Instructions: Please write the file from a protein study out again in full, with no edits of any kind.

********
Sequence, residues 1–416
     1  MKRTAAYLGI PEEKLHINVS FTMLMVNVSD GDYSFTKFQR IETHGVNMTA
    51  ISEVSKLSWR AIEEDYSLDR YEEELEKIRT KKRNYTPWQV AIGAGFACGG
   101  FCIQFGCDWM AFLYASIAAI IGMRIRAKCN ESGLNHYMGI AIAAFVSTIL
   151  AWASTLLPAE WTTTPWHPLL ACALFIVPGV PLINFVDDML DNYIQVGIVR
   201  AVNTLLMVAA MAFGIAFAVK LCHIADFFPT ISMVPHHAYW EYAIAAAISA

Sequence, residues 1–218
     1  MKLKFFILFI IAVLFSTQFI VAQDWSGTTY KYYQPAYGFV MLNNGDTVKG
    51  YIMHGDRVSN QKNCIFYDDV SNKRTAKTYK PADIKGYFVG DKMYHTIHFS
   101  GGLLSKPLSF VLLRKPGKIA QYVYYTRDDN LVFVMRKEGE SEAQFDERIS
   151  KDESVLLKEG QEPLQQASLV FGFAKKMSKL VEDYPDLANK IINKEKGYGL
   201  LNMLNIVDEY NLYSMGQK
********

Sequence, residues 1–416
     1  MKRTAAYLGI PEEKLHINVS FTMLMVNVSD GDYSFTKFQR IETHGVNMTA
    51  ISEVSKLSWR AIEEDYSLDR YEEELEKIRT KKRNYTPWQV AIGAGFACGG
   101  FCIQFGCDWM AFLYASIAAI IGMRIRAKCN ESGLNHYMGI AIAAFVSTIL
   151  AWASTLLPAE WTTTPWHPLL ACALFIVPGV PLINFVDDML DNYIQVGIVR
   201  AVNTLLMVAA MAFGIAFAVK LCHIADFFPT ISMVPHHAYW EYAIAAAISA

Sequence, residues 1–218
     1  MKLKFFILFI IAVLFSTQFI VAQDWSGTTY KYYQPAYGFV MLNNGDTVKG
    51  YIMHGDRVSN QKNCIFYDDV SNKRTAKTYK PADIKGYFVG DKMYHTIHFS
   101  GGLLSKPLSF VLLRKPGKIA QYVYYTRDDN LVFVMRKEGE SEAQFDERIS
   151  KDESVLLKEG QEPLQQASLV FGFAKKMSKL VEDYPDLANK IINKEKGYGL
   201  LNMLNIVDEY NLYSMGQK